- acquiring and retaining mentors
- leading, inspiring and motivating mentors
- mentor relationship management enabling us to build enduring strategic alliances and partnerships with mentors
In the Customer Perspective we clarify how we will create value for the customer:
- mentors use StrategyPal to create value for their clients
- increasing client acquisition rates for mentors
- increasing client retention rates for mentors
- and allowing management of more clients by mentors
In the Financial Perspective we identify what we need to do:
- sell to new mentors
- retain existing mentors
- broaden and deepen services range
- and specify a stretch target 250 mentors – and a time horizon – by 2016
Example Vision Statements
“To be the company that best understands and satisfies the product, service and self-fulfilment needs of women – globally”.
Now there’s a vision. It’s ambitious, relevant and drives decision-making today.
In board meetings, you can hear the CEO asking ‘how does this show that we best understand women’s needs?’
“To create new value, excite and delight our customers through the best automotive products and services”.
You may argue that this is close to a mission statement – isn’t that what they already do?
But look closely. The word ‘new’ means that whatever they’ve done before isn’t good enough; they are always striving for better.
“We will destroy Yamaha”.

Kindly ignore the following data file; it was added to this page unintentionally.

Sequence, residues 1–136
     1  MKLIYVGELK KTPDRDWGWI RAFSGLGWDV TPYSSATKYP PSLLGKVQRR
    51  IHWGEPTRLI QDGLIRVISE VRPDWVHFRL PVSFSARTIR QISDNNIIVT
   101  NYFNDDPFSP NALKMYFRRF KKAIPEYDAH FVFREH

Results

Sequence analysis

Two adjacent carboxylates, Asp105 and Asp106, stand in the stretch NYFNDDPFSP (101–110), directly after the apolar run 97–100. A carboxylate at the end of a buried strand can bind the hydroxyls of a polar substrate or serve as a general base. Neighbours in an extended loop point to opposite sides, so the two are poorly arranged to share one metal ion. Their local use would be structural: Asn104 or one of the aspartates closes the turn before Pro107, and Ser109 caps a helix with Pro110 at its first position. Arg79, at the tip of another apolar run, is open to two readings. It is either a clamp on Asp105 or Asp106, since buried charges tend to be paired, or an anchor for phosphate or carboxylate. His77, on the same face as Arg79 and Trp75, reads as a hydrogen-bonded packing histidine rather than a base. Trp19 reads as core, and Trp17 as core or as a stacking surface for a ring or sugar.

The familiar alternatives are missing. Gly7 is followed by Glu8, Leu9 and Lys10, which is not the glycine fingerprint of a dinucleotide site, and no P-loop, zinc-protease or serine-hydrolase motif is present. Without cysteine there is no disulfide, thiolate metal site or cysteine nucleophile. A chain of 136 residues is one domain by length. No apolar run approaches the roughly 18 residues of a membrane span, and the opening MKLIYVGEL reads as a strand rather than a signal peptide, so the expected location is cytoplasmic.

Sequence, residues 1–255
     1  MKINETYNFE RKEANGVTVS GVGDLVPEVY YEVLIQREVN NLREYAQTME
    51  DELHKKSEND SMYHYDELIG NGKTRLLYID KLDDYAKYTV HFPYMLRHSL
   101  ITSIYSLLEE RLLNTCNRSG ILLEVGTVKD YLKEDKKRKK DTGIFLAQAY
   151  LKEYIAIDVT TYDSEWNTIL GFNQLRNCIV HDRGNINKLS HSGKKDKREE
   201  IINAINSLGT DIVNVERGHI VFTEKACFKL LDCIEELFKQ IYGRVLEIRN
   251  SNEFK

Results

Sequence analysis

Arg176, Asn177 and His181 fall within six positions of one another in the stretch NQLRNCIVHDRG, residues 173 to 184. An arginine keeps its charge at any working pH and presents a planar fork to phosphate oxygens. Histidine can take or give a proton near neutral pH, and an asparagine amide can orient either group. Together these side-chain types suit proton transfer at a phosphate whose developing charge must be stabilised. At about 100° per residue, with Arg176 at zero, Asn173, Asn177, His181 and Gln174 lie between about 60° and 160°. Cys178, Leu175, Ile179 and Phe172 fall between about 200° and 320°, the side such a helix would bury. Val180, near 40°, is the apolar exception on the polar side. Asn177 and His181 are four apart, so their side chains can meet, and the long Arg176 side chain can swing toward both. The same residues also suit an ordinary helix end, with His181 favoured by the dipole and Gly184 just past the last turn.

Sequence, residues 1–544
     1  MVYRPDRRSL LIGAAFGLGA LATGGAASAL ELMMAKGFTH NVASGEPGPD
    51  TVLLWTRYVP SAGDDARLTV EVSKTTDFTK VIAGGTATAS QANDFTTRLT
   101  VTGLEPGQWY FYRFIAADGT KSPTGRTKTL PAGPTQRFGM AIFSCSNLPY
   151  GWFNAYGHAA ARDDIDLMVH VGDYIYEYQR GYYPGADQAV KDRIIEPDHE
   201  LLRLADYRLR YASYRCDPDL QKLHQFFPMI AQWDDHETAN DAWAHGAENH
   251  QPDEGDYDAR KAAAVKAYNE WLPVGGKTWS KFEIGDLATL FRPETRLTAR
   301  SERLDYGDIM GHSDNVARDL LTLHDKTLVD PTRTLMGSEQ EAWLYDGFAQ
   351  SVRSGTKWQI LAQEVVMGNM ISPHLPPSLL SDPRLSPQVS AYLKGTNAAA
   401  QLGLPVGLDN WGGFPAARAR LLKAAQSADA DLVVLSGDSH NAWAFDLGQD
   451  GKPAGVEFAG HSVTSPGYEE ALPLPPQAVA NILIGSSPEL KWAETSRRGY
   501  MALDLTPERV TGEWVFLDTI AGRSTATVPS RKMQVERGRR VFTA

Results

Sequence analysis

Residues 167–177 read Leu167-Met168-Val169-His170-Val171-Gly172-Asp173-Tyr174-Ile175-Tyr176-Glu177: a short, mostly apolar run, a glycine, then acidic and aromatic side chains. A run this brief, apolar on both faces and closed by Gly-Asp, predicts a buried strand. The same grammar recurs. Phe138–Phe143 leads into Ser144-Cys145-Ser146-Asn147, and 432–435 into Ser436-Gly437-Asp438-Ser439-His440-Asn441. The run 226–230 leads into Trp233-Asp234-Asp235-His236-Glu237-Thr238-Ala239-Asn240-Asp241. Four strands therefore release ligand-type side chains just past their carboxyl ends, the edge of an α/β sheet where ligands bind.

“To be a company that our shareholders, customers and society want”.
Their 1970 vision couldn’t be clearer! They also didn’t achieve it, which is probably why they wrote a new one.
The new one, however, is dull as dishwater and could apply to absolutely any company.
“Become the Harvard of the West”.
Reversing Honda’s negative use of a nemesis, Stanford chose the pinnacle of the ivy league as a role model and, arguably, achieved that vision.
“We will increase the value of our company and our global portfolio of diversified brands by exceeding customers’ expectations and achieving market leadership and operating excellence in every segment of our company”.
This is an example of a generic vision statement, probably built by committee, that has no practical function for planning, strategy or decision-making.
Translated, it reads: we’ll do better.
Toys R Us
“To put joy in kids’ hearts and a smile on parents’ faces”.
This sounds lovely.
It’s also not a vision statement, because isn’t that what they purport to be doing every day?
This is a statement of mission, not vision.
(Although when the kids dash up and down the aisles, near bursting with sensory overload, are their parents really smiling?)